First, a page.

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Amazon S3
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Amazon s S3 was the first and is the most successful cloud storage service. With the release of S3 in March 2006, for the first time, a large pool of storage was available for use where it was accessed via web services APIs on a nonpersistent network connection. You had immediate availability of very large quantities of storage, which operated on a pay-for-what-you use model. The most important attributes of cloud storage are that it must be scalable, reliable, fast, inexpensive, and simple. Amazon was able to benefit from a decade of work on its own storage system that had all these requirements before exposing it to the outside world through a simple API. This is why S3 worked so well from the start and took off as a highly successful service.
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Example cloud storage API (using S3)
It s useful to examine the API of the largest and most successful cloud storage service, because just as the API to Amazon s EC2 is being copied and may become a de facto standard, so too may the S3 API become an industry standard. The basic units of storage S3 deals with are objects and buckets. Objects are the entities used to write, read, and delete collections of data. Objects can be from 1 to 5 GB in size. You can have an unlimited number of objects in S3. Objects are stored in buckets. You can specify whether the bucket is located in the United States or Europe. (Other locales will be available in the future. This becomes important when you re dealing with a specific country or region s regulations, such as a locale s privacy rules.) Access to a bucket is secure and can only proceed through a unique developer-assigned key. Within a bucket, each object can be made private, public, or with access rights granted to specific users. See table 5.3.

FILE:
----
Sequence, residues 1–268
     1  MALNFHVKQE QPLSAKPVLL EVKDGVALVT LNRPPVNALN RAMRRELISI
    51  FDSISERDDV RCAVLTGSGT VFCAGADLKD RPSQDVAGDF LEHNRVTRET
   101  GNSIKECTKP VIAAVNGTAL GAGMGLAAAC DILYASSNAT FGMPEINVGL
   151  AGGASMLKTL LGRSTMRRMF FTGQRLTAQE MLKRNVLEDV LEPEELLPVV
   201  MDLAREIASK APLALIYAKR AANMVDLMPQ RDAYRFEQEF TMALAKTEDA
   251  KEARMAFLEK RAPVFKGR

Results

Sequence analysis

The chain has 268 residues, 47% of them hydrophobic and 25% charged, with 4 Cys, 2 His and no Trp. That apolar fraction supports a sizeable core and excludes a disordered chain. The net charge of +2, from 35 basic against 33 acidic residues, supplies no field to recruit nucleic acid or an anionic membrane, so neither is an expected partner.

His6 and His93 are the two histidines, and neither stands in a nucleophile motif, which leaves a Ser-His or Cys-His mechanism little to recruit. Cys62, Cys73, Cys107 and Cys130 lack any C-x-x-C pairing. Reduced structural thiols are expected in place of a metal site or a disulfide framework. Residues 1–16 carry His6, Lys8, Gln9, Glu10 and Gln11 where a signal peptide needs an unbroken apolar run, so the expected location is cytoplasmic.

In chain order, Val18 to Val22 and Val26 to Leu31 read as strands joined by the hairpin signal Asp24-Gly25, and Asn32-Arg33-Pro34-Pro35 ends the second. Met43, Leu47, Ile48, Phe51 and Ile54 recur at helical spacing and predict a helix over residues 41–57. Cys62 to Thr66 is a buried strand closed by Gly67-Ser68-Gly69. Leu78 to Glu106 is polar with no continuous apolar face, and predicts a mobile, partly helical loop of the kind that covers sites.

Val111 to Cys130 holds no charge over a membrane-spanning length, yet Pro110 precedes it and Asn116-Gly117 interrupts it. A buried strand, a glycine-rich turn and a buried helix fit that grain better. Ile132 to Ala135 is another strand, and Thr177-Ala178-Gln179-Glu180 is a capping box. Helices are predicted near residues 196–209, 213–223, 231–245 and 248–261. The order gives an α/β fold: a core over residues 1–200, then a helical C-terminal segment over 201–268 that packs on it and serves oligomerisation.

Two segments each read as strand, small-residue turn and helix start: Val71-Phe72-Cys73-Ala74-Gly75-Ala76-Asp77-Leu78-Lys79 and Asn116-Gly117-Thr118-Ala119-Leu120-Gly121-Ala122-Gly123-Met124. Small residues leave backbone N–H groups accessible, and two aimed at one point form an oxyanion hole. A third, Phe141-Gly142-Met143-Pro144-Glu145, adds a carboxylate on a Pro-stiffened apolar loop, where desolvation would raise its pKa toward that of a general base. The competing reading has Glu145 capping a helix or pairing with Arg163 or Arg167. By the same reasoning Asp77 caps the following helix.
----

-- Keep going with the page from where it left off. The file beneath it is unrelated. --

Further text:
Table 5.3 Overview of the Amazon S3 API API call API description The GET operation returns a list of all the buckets owned by the authenticated sender of the request. The PUT request operation with a bucket URI creates a new bucket. This is where you can specify a location constraint that affects where your data physically resides (such as U.S. or Europe). The PUT request operation with a requestPayment URI configures an existing bucket to be Requester Pays or not. With Requester Pays buckets, the requester, instead of the bucket owner, pays the cost of the request and the data download from the bucket. This is important when you want to share data but not incur charges associated with others accessing the data. You may, for example, use Requester Pays buckets when making available large data sets, such as various kinds of directories, reference data, and so forth. A GET request operation using a bucket URI lists information about the objects in the bucket if the requestor has READ access to the bucket.